Pro Audio Review

Editor's View: Overcoming Aural Adversity

by Stephen Murphy

I trace my start as an audio engineer back to my brother David, older by four years. He was already a good guitar player at 16, playing in a rock band that practiced in our basement.

More than anything else, I wanted to be in the band, too. And why not? I was getting better at the guitar and I could sing OK. Since I had nothing to lose, I swallowed my little twelve year old pride and begged — a lot.

"You're too young, not good enough and your voice hasn't even changed yet!," was his dismissive mantra.

Being a stubborn little bugger, I was not going to some minor technicalities stand between me and the band. So I tried a different approach: I pleaded my case that I could bring a unique musical angle to the rock band.

No clarinet, final.”

Come on, man. What band doesn’t need an electric fuzz-wah clarinet? Hey! Gimme back my reeds!


Good thing I didn’t ask about my bass clarinet.

I decided to try another tack: I offered to be the "soundman" for the band, not that I knew what a “soundman” was yet. I found out quickly.

What's a Soundman?
A "soundman" is the one who runs upstairs and shuts the basement door when it is accidentally left ajar, preventing the "sound woman" (Mom) from shouting at us during rehearsal.

A "sound man" is the one who breaks down microphone stands, unplugs cables and cleans up after rehearsals - again, preventing the "sound woman" from becoming irate.

A "soundman" is the one who records the band's practices on my Dad's old two-track Revox reel-to-reel. Aha! Now we're getting somewhere.

So began my long quest to ever improve my engineering skills and make higher-quality recordings. Once I figured out that the individual tracks on the Revox could be recorded separately, I suggested to the band that we record the music first so they could concentrate on their not-so-stellar vocals later (yes, I am still bitter about them rejecting my "high-pitched girlie vocals").

The infectious Recording Bug bit hard, and I schemed about how to add tracks and improve fidelity. Complications arising from the Recording Bug led directly to my contracting the chronic Accumulate Audio Gear syndrome, for which there is no cure. Except money — or, more precisely, the lack thereof.

So I made do with what I had, adding new bits here and there. I bounced tracks between two cassette decks, and later, open-reel decks. I bought a noisy mixer and built my own electronic projects (thank you, Craig Anderton and PAiA).

At one point, I am embarrassed to admit, I dreamed of owning a couple of Radio Shack High Ball microphones for recording. Nineteen-seventies home recording veterans take note: that's the High Ball, not the better fidelity High Ball II model.

Aural Adversity
The beauty was that my budding audio engineering career could only go up from there. That is to say, there is inherent value in aural adversity.

Certainly I am a better and more versed engineer for having survived "innovative" recording techniques, time-consuming electronic kits and tedious troubleshooting. The old adage "what doesn't kill you makes you stronger" comes to mind (although some of those improperly wired electronic kits came awfully close).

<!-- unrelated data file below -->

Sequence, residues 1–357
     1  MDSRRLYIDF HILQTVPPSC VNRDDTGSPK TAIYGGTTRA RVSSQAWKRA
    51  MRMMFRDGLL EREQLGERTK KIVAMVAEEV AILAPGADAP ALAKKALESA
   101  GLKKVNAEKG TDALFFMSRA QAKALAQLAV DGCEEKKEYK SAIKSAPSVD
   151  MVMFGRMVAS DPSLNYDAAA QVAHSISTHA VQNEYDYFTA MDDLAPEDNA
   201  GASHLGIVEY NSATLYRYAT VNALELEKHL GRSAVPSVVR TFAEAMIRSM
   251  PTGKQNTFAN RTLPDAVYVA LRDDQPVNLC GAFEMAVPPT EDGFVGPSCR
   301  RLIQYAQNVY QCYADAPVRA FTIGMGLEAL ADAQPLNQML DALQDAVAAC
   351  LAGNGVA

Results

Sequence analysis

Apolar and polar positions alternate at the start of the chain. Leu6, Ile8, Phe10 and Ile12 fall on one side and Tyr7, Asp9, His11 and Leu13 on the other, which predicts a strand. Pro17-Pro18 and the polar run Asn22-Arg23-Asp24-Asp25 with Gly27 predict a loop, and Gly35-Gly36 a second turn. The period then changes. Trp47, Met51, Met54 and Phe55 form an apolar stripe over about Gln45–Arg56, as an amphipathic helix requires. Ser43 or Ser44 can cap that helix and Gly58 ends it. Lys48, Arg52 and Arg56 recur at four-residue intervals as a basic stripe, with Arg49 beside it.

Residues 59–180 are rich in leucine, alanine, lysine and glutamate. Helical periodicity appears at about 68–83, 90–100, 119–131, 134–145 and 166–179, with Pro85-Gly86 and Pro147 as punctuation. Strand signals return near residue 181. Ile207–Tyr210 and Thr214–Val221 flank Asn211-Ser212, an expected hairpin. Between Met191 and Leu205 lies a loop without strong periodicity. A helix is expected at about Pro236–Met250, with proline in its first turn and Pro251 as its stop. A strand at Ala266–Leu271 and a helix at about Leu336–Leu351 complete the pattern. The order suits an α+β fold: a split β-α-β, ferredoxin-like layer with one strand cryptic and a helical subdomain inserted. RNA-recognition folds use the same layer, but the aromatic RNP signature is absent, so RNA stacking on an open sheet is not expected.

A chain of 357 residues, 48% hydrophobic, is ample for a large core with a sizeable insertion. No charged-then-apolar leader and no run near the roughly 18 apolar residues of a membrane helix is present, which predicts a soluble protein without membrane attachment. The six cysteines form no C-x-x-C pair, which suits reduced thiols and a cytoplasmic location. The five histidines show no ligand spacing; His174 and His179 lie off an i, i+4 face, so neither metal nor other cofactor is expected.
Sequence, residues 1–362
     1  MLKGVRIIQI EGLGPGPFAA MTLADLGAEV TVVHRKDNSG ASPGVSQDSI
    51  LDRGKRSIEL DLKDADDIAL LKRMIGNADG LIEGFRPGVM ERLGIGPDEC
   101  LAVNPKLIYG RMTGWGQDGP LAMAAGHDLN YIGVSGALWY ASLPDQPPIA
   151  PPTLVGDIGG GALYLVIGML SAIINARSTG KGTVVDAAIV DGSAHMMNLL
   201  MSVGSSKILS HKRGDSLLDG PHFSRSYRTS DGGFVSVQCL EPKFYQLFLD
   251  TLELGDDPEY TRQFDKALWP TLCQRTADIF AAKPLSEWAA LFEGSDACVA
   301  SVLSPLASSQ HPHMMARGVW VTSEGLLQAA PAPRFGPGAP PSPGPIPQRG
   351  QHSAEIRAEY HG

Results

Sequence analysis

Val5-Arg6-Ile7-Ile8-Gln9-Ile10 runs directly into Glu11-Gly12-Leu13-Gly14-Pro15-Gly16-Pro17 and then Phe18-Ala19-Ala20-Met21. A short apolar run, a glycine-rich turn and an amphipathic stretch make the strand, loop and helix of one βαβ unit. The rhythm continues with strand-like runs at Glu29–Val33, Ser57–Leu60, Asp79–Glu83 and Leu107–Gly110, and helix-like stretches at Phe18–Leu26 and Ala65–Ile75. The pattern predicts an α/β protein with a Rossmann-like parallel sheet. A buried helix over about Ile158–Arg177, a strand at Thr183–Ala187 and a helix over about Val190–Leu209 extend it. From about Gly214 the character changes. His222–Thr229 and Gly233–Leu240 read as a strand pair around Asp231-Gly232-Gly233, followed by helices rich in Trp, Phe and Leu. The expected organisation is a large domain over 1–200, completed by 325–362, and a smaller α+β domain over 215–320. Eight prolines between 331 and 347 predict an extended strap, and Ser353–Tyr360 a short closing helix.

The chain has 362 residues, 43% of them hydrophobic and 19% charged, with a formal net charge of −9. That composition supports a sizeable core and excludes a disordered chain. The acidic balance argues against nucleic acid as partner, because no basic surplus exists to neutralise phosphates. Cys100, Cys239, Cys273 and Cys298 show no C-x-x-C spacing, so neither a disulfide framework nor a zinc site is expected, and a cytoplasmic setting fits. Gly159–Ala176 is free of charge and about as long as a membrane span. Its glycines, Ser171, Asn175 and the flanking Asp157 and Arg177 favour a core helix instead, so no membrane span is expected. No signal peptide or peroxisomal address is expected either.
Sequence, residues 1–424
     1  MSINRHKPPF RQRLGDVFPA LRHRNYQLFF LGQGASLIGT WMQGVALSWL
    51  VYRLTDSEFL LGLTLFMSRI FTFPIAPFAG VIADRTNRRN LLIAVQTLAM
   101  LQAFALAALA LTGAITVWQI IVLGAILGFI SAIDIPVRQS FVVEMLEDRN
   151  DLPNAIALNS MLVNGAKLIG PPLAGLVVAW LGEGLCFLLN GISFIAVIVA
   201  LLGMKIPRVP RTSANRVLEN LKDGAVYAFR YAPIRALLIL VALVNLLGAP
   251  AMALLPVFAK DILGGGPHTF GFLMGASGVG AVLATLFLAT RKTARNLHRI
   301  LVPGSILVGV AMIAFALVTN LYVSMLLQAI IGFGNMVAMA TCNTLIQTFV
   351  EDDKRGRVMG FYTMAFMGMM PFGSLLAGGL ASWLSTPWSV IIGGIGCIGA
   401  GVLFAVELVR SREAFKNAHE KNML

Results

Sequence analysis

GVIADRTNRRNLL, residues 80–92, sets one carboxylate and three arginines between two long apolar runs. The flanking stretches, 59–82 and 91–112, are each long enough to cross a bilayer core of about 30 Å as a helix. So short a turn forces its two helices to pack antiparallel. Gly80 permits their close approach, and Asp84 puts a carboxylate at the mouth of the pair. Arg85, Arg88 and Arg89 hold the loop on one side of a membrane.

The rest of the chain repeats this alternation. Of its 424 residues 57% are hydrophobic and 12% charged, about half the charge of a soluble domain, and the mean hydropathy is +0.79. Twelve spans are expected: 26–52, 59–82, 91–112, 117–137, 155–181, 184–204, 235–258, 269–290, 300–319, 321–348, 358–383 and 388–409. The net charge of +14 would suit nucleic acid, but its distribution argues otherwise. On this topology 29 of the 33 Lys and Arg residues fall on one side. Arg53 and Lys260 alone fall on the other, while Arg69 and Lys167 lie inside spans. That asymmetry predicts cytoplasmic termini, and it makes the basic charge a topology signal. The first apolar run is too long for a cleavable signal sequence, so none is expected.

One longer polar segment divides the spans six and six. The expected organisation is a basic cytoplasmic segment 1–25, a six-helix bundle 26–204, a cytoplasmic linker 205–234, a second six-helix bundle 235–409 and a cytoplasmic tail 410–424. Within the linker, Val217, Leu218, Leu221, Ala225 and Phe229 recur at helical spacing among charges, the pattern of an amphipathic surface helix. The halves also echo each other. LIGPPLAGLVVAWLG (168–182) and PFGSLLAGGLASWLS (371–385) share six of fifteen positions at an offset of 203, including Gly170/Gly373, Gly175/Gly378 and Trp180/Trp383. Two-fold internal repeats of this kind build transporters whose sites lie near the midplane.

Most professional engineers, producers and studio owners will conceed that they started the same way: making the most of what they had available at the time.

And at that time, all my recordings had the same semi-musical opening - a wash of white noise hiss modulated by wow and flutter.

Maybe one day I'll be asked, "Daddy, why did you always start your old songs with the sounds of the ocean — and what's up with those high-pitched girlie vocals?"

Next Stop: Liechtenstein

Four countries in four days: Switzerland, Austria, Germany and Liechtenstein. And when in the Principality of Liechtenstein, you absolutely must visit with the gracious people of Neutrik AG, as I did earlier this year. Neutrik, headquartered in the breathtaking Schaan valley, is currently celebrating its 25th anniversary.

I had the pleasure of speaking to founder Bernhard Weingartner and Managing Director Werner Bachmann about Neutrik's genesis. Weingartner started the company in 1975 on a shoestring after he submitted, and subsequently won, a bid to provide XLR connectors for a large broadcast supplier in Europe.

Neutrik AG was born, operating out of a barn in Liechtenstein with just Weingartner and Bachmann as sole employees. It has grown quite a bit since then. Neutrik now has offices around the world, and its connectors have become standard in the studio, broadcast, live sound and contractor industries.

Over the years, Neutrik has developed improved versions of standard audio interconnects, and even created new ones, such as the Speakon and Combo (XLR and 1/4-inch) connectors. Bachmann says the company's philosophy is simple: Innovation. In other words, if they can't improve a standard connector, they don't make it. More than 79 patents, many additional patents pending and millions of installed connectors prove their efforts were worthwhile.

I have long been a fan of the company's products-especially the ones that made my life as a studio owner less stressful. After wiring up several studio and control rooms, you come to appreciate the little things - specifically, those thousands of little things that have to be attached to the ends of cables.

I wonder: If Neutrik interconnects were available to me when I was a kid, would all of those electronic projects I built worked the first time?